MSD Manual

Please confirm that you are not located inside the Russian Federation

honeypot link

Atopic Dermatitis (Eczema)

(Atopic Eczema; Infantile Eczema; Neurodermatitis; Endogenous Eczema)


Thomas M. Ruenger

, MD, PhD, Georg-August University of Göttingen, Germany

Reviewed/Revised Jan 2023
Topic Resources

Atopic dermatitis (commonly referred to as eczema) is chronic, itchy inflammation of the upper layers of the skin that often develops in people who have hay fever or asthma and in people who have family members with these conditions.

  • Atopic dermatitis is very common, particularly in high-income countries and among people who have a tendency to develop allergies.

  • Infants tend to develop red, oozing, crusted rashes on the face, scalp, hands, arms, feet, or legs.

  • Older children and adults tend to develop one or a few spots, usually on the hands, upper arms, in front of the elbows, or behind the knees.

  • Doctors base the diagnosis on the appearance of the rash and the person's personal and family medical histories.

  • Treatment includes practicing general skin care, applying corticosteroids to the skin, and sometimes using other treatments such as phototherapy or immune system‒modulating medications.

Atopic dermatitis is one of the most common skin disorders, particularly in children living in urban areas or high-income countries. Each year, up to about 10% of adults and 20% of children are diagnosed with atopic dermatitis.

Most people develop the disorder before age 5, and many people develop it before age 1. Atopic dermatitis that develops during childhood frequently goes away or lessens greatly by adulthood. Atopic dermatitis may begin during late adulthood or even later in life.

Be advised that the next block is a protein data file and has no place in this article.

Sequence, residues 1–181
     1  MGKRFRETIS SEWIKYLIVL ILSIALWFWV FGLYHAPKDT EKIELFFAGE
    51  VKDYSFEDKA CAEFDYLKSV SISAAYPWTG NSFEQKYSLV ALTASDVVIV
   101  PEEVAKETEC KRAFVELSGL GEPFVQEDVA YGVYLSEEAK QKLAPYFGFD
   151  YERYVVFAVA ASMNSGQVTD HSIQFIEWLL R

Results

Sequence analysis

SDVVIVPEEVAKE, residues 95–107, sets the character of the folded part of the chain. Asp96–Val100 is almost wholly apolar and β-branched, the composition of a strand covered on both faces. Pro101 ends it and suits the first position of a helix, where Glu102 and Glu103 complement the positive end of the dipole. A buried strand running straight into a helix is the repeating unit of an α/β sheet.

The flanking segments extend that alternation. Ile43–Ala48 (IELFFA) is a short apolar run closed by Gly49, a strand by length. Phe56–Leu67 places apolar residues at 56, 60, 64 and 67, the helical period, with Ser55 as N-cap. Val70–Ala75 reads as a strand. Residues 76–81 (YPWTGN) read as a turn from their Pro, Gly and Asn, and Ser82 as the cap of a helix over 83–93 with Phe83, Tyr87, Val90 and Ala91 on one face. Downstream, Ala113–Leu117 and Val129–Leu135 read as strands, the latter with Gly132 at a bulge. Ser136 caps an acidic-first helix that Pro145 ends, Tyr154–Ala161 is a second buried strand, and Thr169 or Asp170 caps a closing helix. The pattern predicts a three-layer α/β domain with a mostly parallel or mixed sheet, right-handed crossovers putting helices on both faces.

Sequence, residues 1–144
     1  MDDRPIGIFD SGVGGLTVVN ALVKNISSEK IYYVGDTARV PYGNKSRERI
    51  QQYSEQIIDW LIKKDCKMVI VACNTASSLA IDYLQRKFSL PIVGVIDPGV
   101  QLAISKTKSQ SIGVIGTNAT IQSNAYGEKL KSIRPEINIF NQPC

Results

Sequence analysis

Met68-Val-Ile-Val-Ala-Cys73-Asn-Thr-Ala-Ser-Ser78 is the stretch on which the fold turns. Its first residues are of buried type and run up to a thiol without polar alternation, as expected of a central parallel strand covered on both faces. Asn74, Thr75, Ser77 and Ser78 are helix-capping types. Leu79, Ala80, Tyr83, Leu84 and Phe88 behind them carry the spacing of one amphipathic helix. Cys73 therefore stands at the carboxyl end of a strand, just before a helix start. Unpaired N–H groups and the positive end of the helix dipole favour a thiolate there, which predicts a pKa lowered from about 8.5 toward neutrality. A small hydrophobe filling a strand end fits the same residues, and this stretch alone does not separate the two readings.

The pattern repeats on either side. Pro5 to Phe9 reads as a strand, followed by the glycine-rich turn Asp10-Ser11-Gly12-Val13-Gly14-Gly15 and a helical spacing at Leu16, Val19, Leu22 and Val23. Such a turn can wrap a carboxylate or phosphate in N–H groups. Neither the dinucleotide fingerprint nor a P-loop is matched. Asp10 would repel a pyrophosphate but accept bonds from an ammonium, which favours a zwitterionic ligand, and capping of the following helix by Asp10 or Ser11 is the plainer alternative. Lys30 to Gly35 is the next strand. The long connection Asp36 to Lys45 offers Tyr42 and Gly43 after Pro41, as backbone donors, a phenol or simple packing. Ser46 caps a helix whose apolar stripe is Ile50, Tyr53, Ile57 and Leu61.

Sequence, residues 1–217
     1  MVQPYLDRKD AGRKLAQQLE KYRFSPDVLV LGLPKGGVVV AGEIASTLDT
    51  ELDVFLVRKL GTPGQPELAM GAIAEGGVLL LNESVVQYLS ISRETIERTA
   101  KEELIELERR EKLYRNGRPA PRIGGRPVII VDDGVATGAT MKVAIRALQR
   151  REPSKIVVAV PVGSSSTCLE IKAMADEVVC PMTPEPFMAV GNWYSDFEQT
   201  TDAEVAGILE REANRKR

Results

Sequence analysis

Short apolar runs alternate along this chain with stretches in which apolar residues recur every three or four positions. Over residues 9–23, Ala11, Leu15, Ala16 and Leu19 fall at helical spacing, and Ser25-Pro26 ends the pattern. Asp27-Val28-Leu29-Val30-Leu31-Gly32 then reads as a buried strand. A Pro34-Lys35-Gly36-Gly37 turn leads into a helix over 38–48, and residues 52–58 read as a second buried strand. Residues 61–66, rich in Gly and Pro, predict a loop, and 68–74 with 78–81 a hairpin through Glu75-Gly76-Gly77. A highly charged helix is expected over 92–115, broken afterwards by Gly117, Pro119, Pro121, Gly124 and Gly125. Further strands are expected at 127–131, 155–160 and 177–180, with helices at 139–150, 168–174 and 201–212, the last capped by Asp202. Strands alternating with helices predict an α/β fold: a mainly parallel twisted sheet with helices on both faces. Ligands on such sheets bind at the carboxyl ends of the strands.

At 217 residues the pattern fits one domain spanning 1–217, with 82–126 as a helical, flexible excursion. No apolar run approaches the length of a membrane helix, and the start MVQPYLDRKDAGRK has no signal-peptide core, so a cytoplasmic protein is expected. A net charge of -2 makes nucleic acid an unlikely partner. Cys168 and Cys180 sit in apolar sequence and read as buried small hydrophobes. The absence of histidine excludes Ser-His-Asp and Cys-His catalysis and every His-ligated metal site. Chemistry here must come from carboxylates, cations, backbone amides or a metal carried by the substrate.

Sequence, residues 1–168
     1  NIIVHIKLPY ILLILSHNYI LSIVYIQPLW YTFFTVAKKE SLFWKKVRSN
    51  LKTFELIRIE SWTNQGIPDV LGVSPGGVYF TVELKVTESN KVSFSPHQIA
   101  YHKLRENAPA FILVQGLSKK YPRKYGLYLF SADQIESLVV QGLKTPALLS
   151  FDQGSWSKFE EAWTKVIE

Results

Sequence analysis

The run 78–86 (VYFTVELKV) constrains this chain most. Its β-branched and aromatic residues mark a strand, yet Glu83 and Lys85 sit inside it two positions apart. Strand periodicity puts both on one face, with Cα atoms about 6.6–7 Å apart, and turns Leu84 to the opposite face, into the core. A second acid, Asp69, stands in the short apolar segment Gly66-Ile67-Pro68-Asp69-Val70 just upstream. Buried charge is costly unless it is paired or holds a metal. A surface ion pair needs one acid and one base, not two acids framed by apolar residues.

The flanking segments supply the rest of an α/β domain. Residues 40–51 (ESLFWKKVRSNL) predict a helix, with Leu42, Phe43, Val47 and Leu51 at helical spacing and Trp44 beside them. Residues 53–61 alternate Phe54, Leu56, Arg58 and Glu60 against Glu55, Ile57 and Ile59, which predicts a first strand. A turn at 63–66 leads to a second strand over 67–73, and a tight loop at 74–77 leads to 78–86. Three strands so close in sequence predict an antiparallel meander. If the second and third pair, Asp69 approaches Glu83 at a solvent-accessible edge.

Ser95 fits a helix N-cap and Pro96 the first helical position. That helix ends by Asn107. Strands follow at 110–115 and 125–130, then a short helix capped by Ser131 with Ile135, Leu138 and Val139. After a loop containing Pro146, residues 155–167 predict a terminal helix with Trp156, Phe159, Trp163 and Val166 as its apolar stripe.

Atopic dermatitis is caused by a genetic defect of the skin barrier that predisposes the skin to inflammation. It often runs in families, and many people or their family members who have atopic dermatitis also have asthma Asthma Asthma is a condition in which the airways narrow—usually reversibly—in response to certain stimuli. Coughing, wheezing, and shortness of breath that occur in response to specific triggers are... read more Asthma , hay fever Seasonal Allergies Seasonal allergies result from exposure to airborne substances (such as pollens) that appear only during certain times of the year. Seasonal allergies cause itchy skin, a runny nose, sneezing... read more Seasonal Allergies , or both. Atopic dermatitis is not an allergy to a particular substance, but having atopic dermatitis increases the likelihood of also developing asthma and hay fever (what doctors call an atopic triad).

Atopic dermatitis is not contagious.

Symptoms of Atopic Dermatitis

Atopic dermatitis usually begins in infancy, as early as 3 months of age.

In the early (acute) phase, red, oozing, and crusted areas develop, and sometimes blisters. Itching is often intense.

In the chronic (later) phase, scratching and rubbing create areas that appear dry and thickened (lichenified).

Examples of Atopic Dermatitis

In infants, rashes on the face spread to the neck, eyelids, scalp, hands, arms, feet, and legs. Large areas of the body may be affected.

In older children and adults, a rash often occurs (and recurs) in only one or a few spots, especially on the front of the neck, the inner folds of the elbows, and behind the knees.

Although the color, intensity, and location of the rash vary, the rash always itches. In older children and adults, intense itching is the main symptom. The itching often leads to uncontrollable scratching, triggering a cycle of itching-scratching-itching that makes the problem worse. Continuous scratching causes the skin to thicken (lichenification).

Itching worsens with dry air, irritation, and emotional stress.

Common environmental triggers of symptoms include